Risk Management | Articles
What businesses have learned from COVID-19
5 practical tips for business owners
It goes without saying, but the pandemic caused significant challenges for businesses in nearly every industry. Unfortunately, a number of companies have already closed, permanently laid off staff or took other cost cutting measures. Others were able to pivot and stabilize their operations, enduring hard lessons from the pandemic and emerging stronger and more resilient. Examining the efforts and changes made by these companies can help others manage their operations and better endure periods of unprecedented economic turmoil.
- Cost cutting is not enough
Often, the knee-jerk response to a downturn is to immediately focus on lowering expenses such as payroll, eliminating planned improvements and other practices. While many organizations can certainly shrink their expenditures by reducing less essential items, making this the primary strategy can become counterintuitive. According to the Harvard Business Review, innovation and customer service often suffer when this method is employed and corporations that took this approach during the 2008 recession experienced lower profit and sales in the recovery period.
Tip: An alternate approach that proved popular during COVID-19 was to pivot from the core business to a more in-demand practice such as consulting on industry changes and providing interim support to customers.
- Remote work works
Prior to the pandemic, only a miniscule 5.2% of American employees worked solely from their home. Of course, this very quickly changed as countless workplaces shifted to remote work in late March 2019. Because there was little time to prepare for this change, leaders may have worried about sustained productivity and deliverables. It turns out such concerns were not realized as one study found an incredible 47% increase in productivity due to COVID-19 remote work rules.
Tip: While this does not necessarily spell the end of physical workplaces, it does mean that certain misconceptions can be cleared: workers can indeed be trusted to operate without strict oversight. Providing more anonymity allows managers to use their time for more vital tasks and helps workers feel more empowered.
- Cash flow
How much does your business have in operating cash flow right now? If you didn’t know the answer before the pandemic, you probably do now. This crisis has emphasized the importance of maintaining a healthy cash flow to handle unexpected expenses. Businesses are evaluating their budgets and seeing where cash flow is tied up. For example, outgoing paper checks can make up one quarter of a company’s overall expenses, which means they must leave a large amount of cash in their accounts to avoid overdraft.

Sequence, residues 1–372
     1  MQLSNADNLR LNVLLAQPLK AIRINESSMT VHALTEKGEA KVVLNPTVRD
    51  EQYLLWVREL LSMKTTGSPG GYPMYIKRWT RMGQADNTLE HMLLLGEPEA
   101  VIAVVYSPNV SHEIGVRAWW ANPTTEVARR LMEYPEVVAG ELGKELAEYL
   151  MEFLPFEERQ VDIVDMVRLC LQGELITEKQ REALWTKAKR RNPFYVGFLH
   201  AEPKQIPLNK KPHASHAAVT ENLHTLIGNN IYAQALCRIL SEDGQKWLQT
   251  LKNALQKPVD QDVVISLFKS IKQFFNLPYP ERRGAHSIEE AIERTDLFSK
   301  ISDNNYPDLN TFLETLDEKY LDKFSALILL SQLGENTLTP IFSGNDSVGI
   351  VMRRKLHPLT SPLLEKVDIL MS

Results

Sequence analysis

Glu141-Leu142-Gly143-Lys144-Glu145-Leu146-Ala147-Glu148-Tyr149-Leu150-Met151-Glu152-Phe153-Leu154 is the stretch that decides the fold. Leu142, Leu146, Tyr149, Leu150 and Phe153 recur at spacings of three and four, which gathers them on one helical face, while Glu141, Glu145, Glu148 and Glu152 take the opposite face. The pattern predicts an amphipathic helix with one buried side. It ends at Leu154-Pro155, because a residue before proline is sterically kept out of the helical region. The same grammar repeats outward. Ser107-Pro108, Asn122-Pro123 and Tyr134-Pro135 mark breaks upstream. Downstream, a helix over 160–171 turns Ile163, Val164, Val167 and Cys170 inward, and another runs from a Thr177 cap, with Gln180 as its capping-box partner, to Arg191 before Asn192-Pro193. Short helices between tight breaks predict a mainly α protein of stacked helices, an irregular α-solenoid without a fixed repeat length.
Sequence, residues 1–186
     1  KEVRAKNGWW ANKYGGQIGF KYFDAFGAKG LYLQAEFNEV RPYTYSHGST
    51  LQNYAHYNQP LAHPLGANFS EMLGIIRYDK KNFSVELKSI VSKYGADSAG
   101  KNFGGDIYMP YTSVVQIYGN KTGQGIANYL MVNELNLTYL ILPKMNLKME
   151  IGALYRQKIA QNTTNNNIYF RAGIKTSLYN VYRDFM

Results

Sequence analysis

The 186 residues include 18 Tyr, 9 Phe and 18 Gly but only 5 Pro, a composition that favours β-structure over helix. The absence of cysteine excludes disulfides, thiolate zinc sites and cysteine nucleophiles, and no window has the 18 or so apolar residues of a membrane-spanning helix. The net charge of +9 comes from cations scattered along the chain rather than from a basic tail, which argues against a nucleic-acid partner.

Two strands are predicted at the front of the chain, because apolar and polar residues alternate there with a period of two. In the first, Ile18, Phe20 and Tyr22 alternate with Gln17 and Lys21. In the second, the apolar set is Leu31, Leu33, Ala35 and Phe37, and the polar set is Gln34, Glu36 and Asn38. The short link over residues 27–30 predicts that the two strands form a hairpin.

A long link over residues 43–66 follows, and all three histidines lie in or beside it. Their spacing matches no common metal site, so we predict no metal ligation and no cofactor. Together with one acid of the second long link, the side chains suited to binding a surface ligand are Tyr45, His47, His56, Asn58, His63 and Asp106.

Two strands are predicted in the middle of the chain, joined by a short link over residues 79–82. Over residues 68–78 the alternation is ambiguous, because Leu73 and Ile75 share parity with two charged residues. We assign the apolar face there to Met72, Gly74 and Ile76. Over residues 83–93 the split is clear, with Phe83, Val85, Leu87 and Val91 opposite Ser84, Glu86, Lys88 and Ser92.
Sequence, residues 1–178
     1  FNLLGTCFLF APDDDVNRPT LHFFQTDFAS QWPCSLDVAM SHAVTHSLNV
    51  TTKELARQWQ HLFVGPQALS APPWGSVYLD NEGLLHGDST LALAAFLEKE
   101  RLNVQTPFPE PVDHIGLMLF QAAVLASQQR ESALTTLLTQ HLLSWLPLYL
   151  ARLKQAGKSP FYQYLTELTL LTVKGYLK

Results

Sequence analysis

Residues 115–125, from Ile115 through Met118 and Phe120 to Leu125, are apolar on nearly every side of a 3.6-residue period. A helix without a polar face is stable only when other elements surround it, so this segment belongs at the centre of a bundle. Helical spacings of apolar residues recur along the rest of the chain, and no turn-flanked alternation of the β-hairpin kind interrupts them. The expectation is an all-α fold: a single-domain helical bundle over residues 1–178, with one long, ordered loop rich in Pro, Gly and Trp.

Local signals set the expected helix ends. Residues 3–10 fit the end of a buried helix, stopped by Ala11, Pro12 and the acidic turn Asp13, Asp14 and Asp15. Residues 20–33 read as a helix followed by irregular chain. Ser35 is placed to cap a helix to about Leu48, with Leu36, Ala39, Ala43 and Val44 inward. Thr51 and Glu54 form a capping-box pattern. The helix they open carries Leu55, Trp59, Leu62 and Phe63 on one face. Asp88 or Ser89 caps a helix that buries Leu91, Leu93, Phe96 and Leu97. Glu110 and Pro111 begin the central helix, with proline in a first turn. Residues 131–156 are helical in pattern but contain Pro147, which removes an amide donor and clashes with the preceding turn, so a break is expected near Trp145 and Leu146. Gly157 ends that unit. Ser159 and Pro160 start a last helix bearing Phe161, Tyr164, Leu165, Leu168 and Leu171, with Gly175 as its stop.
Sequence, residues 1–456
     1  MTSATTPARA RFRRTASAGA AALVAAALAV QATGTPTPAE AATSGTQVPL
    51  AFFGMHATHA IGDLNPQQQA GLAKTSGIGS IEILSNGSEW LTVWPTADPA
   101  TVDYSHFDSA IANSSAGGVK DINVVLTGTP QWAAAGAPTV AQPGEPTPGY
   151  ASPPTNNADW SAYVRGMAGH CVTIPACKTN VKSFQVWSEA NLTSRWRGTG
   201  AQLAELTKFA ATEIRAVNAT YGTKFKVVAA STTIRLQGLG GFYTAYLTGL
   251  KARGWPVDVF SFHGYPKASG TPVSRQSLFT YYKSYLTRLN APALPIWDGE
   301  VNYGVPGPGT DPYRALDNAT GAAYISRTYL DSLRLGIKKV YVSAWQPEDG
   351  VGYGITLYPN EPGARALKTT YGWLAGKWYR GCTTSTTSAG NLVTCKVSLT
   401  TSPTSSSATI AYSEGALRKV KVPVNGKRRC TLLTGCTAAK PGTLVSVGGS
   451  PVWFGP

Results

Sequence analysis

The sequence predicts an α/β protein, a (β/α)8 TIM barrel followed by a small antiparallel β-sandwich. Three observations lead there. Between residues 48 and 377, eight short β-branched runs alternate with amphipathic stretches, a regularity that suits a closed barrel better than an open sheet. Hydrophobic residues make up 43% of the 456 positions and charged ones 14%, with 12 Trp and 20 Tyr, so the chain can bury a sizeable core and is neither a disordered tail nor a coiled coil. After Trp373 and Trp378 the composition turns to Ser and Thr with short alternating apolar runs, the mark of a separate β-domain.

Tip: A thorough review can reveal where capital can be freed,
- Inventory & supply chain management
Global supply chain management is a convoluted and fragile construction. The most difficult part of the current situation is that nearly half of affected businesses had no plan in place to deal with delays or stoppage. Why? Because many rely on a single supplier, often the cheapest, to keep costs down and partnerships simple. Yet this process, coupled with the fact that companies regularly keep low inventory, means that any delays – let alone the impact of a global pandemic – can grind a business to a screeching halt. Stocking additional product to circumvent future delays is an option, though not possible for those with perishable goods. Securing a backup supplier in another location will likely become a popular solution for many to mitigate risk though it may come with a cost.
Tip: Additional sourcing does not have to be an even split and a business can find additional partners for smaller amounts and increase orders if the primary manufacturer is delayed or otherwise unable to deliver. Experts recommend relying on a single supplier for no more than 75% of a product in addition to ensuring different locations for manufacturing and distribution.
- Social media
It may be difficult to believe but some organizations are still without an online presence. Online accessibility is vital as the internet is the first source for finding suppliers and social media use sharply increased with COVID-19 closures. Additionally, these digital platforms allow businesses to be agile and communicate with customers rapidly and on a more personal level.
Tip: Some small businesses are using online platforms for the first time to generate sales as their regular operations were shut. Even industries that are nearly at a standstill, such as travel and tourism, are able to keep potential customers engaged with this low-cost method.
COVID-19 quickly upended regular life and led to widespread business disruptions. Unfortunately, this unprecedented environment has taught companies a number of vital lessons. By utilizing these practical tips, other organizations can help avoid errors and improve their outlook.
 Source: Harvard Business Review https://hbr.org/2010/03/roaring-out-of-recession
 Source: CNBC https://www.cnbc.com/2019/10/13/people-who-work-from-home-earn-more-than-those-who-commuteheres-why.html
 Source: Forbes https://www.forbes.com/sites/chriswestfall/2020/05/20/new-survey-shows-47-increase-in-productivity-3-things-you-must-do-when-working-from-home/#4ff6b8cb80dc
 Source: Finextra Research https://www.finextra.com/blogposting/16747/the-hidden-costs-of-cheques-for-your-business
 Source: The Atlantic https://www.theatlantic.com/ideas/archive/2020/03/supply-chains-and-coronavirus/608329/
 Source: Harvard Business Review https://hbr.org/2020/03/coronavirus-is-proving-that-we-need-more-resilient-supply-chains
 Source: Business Insider https://www.businessinsider.com/2020-us-social-media-usage-report
 Source: Business Wire https://www.businesswire.com/news/home/20200702005196/en/COVID-19s-Impact-Travel-Tourism-Social-Media-2020